AEDs are used on individuals who have suffered sudden cardiac arrest. Sudden cardiac arrest is the immediate and unexpected cessation of a productive heartbeat. According to the American Red Cross, 300,000 people fall victim to sudden cardiac arrest each year. Of that number, only one in 20 people survive. These deaths potentially could have been prevented if someone had initiated the Cardiac Chain of Survival.
Cardiac Chain of Survival
The Cardiac Chain of Survival consists of four steps:
- Early access to care (calling 911 or another emergency number)
- Early cardiopulmonary resuscitation (CPR)
- Early defibrillation
- Early advanced cardiac life support as needed
The third step is recognized as the most critical step in restoring cardiac rhythm and resuscitating a victim of sudden cardiac arrest.
Portable AEDs make it possible for first responders, such as police, firefighters and security officers, as well as other rescuers who have been properly trained, to administer defibrillation.
How AEDs Save Lives
When a heart attack becomes a full cardiac arrest, the heart most often goes into uncoordinated electrical activity called fibrillation. The heart’s muscle fibers begin to contract individually and chaotically instead of together, and the heart stops pumping. According to the American Heart Association, a person’s chance of survival decreases by 7% to 10% for every minute that goes by without defibrillation. An AED is used to send a controlled electric shock to the heart muscle, momentarily stunning the heart and, hopefully, jolting it back to regular rhythm.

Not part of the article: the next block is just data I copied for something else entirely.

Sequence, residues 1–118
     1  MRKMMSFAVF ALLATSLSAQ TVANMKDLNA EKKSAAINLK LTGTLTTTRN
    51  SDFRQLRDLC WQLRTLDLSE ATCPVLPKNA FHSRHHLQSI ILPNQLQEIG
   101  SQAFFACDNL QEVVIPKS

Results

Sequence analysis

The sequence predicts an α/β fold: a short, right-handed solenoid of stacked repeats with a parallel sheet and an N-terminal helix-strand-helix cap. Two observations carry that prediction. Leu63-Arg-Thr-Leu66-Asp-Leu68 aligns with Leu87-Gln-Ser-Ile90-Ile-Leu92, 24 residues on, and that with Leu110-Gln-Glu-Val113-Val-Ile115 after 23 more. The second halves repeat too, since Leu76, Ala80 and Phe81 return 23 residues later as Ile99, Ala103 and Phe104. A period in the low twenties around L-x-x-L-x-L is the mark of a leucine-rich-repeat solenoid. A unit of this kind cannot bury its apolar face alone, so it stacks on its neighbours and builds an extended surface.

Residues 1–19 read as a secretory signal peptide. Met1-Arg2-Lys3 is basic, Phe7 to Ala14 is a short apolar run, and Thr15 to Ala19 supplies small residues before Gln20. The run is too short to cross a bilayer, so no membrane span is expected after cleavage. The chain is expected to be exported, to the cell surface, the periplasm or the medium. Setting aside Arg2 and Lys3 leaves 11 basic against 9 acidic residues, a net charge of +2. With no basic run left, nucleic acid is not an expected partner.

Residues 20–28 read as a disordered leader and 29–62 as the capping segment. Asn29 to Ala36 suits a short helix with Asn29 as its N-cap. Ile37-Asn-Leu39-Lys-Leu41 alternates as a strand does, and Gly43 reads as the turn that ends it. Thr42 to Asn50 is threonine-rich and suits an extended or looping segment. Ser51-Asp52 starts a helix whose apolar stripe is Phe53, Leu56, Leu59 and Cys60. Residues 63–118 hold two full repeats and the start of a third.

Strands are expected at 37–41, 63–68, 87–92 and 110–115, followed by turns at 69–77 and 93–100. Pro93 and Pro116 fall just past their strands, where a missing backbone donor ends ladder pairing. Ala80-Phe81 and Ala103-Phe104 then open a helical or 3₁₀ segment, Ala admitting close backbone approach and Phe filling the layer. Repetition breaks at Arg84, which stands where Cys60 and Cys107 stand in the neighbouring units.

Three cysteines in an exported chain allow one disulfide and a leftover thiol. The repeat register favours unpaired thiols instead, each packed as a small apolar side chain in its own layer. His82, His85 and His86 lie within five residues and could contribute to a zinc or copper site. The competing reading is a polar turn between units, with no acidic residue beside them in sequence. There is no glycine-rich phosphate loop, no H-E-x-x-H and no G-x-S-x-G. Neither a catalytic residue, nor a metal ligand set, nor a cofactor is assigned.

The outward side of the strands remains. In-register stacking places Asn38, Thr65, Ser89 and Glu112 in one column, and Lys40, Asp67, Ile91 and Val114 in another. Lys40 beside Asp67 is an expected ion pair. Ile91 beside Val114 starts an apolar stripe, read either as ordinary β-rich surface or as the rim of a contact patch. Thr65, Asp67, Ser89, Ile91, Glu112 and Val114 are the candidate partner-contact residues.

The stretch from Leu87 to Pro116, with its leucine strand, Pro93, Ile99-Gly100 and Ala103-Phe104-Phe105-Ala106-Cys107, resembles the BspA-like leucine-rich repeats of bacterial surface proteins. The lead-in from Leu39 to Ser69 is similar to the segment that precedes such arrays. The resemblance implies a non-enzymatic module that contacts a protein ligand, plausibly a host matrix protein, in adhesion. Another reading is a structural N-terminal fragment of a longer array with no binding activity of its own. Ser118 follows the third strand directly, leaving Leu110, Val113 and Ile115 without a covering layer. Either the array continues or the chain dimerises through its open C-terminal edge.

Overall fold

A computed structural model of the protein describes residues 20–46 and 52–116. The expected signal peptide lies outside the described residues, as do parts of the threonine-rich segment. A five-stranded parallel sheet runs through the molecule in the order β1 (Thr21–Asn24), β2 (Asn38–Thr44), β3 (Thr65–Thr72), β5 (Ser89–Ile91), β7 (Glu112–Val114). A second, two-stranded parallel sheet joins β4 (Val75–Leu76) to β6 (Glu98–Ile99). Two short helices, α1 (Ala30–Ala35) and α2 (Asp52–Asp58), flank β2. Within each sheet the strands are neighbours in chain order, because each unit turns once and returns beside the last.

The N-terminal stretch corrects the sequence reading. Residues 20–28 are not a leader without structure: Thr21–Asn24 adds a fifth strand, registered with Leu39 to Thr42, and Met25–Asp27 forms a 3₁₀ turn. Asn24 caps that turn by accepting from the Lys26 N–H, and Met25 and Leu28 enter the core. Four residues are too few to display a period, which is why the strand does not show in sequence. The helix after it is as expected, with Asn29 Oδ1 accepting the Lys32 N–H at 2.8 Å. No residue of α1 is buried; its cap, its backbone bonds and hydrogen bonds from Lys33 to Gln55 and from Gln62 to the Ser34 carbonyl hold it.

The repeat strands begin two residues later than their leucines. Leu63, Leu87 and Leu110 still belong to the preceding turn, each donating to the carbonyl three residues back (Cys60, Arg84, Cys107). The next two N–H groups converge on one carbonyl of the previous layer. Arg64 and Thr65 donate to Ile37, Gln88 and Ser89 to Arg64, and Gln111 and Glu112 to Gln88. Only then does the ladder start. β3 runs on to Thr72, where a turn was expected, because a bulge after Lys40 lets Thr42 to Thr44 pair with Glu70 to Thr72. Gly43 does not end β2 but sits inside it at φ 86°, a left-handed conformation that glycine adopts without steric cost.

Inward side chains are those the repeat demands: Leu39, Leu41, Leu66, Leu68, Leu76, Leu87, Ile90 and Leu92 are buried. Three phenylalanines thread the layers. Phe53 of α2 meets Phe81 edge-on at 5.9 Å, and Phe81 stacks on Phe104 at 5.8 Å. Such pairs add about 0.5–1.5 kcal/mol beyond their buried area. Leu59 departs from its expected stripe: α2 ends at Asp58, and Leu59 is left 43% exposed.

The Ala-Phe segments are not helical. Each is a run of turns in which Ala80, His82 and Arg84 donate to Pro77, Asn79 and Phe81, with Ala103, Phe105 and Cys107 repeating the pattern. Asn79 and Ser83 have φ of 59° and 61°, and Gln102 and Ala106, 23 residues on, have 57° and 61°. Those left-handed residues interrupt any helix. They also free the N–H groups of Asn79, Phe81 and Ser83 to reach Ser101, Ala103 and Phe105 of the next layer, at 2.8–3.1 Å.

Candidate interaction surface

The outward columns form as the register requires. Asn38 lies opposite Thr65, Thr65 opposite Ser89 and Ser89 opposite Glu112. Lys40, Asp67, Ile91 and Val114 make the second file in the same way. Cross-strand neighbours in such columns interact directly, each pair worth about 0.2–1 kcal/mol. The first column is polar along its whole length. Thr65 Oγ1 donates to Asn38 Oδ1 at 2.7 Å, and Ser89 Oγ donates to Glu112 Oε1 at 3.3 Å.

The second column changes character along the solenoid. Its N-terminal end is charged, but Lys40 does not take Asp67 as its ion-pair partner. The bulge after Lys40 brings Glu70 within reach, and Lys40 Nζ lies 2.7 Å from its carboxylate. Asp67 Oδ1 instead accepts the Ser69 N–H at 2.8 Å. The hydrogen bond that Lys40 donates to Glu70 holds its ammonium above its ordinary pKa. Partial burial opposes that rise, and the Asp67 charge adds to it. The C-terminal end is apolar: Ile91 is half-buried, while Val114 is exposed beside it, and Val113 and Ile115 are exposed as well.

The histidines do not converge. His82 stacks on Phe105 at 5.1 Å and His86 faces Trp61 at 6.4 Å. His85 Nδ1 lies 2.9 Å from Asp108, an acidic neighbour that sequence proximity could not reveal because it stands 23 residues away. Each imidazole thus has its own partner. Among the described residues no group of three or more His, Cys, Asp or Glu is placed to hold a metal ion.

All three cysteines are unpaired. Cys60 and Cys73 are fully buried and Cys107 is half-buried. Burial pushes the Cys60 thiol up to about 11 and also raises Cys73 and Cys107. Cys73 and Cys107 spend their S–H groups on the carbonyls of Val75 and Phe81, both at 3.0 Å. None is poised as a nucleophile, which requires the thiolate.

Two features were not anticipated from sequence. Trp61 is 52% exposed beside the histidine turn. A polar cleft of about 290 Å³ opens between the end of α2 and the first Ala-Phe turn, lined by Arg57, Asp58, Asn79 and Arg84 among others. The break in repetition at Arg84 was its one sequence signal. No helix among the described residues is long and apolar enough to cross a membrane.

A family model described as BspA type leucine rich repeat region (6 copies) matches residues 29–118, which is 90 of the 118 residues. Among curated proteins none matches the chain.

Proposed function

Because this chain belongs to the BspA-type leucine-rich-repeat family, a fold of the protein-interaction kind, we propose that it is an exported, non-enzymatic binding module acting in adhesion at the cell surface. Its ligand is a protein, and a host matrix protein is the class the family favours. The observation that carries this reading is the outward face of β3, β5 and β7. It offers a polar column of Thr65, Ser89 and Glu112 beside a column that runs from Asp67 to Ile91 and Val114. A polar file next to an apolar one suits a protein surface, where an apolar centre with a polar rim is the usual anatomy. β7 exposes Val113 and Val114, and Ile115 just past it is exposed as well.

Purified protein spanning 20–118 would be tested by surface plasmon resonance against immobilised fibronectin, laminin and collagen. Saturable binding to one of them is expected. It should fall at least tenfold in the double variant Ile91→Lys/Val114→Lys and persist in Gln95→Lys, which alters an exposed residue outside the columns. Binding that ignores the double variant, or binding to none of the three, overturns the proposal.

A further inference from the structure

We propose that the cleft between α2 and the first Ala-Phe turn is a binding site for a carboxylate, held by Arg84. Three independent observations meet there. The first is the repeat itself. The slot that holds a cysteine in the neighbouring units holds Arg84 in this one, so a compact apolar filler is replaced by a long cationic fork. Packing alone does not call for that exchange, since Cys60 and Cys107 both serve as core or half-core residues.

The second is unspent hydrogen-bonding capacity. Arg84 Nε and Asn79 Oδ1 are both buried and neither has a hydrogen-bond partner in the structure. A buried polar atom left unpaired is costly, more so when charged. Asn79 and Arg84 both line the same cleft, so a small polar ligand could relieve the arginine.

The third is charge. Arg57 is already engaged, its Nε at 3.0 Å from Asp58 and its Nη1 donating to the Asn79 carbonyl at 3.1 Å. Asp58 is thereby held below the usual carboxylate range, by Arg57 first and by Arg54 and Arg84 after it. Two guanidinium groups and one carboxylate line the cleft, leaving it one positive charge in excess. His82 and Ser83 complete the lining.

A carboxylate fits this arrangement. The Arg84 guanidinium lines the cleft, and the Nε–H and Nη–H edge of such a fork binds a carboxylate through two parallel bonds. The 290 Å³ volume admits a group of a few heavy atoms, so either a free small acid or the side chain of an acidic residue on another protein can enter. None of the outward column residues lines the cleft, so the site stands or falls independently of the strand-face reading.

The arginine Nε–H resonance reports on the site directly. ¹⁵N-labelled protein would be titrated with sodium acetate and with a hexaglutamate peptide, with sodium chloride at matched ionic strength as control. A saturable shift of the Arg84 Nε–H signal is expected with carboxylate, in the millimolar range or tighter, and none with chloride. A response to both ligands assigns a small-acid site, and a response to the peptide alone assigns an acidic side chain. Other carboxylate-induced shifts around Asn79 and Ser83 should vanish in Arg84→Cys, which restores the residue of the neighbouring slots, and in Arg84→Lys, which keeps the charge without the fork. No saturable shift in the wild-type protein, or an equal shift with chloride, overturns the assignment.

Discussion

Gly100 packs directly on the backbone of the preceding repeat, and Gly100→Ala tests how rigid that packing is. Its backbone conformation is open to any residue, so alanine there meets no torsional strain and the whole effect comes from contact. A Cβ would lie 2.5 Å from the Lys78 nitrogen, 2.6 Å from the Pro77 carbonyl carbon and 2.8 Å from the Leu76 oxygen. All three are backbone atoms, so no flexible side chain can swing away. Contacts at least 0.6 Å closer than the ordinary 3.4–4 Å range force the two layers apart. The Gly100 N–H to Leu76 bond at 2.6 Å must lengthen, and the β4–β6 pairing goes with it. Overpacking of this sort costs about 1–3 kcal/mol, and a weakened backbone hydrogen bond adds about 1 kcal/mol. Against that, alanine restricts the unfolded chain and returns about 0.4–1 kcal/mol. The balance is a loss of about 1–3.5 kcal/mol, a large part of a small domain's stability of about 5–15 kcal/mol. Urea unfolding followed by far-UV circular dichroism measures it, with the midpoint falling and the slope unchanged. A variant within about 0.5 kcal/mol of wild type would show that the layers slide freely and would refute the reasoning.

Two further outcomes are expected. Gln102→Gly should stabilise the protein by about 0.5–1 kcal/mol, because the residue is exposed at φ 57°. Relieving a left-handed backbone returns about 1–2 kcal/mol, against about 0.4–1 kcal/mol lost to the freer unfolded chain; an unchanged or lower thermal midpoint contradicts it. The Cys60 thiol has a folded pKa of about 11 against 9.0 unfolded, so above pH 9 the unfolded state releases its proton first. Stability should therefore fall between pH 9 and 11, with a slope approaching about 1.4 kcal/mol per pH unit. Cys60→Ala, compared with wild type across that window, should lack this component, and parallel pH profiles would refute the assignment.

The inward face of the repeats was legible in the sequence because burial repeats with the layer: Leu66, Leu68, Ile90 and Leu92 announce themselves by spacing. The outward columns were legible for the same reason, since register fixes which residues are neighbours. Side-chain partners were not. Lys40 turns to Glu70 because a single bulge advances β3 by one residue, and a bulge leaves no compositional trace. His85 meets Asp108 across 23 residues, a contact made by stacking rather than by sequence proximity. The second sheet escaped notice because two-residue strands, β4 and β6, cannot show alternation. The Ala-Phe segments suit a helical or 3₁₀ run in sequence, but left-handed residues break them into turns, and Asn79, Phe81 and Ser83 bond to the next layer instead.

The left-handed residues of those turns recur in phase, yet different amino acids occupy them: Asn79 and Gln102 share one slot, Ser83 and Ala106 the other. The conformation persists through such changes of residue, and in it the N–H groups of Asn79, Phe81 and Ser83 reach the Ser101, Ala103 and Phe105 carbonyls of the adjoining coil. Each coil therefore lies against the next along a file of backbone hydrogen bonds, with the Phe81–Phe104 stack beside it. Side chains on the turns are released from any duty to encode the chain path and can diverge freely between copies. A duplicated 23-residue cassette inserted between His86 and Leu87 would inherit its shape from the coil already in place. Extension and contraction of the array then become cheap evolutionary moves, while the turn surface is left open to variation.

An AED analyzes the heart rhythm with a computer in just a few seconds and advises the rescuer whether a shock is required. If no shock is required, the machine doesn’t charge up, preventing an accidental shock. AEDs are proven to be 90% sensitive (able 90% of the time to detect a rhythm that should be defibrillated) and 99% specific (able 99% of the time to recommend not shocking when defibrillation is not indicated).
AEDs enable more people, such as security officers, to respond to sudden cardiac arrest emergencies and to help save lives!
AEDs are located in each of our building. Locations include:
Belfair Elementary (1) - Nurses room in the Main Office
Sand Hill Elementary (1) - Nurses room in the Main Office
Hakins Middle School (4) -
- Nurses room in the Main Office
- East hall entering classroom wing
- West hall exit
- Basment Stadium exit
High School (5) -
- Nurses room in the Attendance Office
- Second floof classroom hall
- Sports Med Office
- Football Practice field exit
For more information on AEDs…
American Red Cross
American Heart Association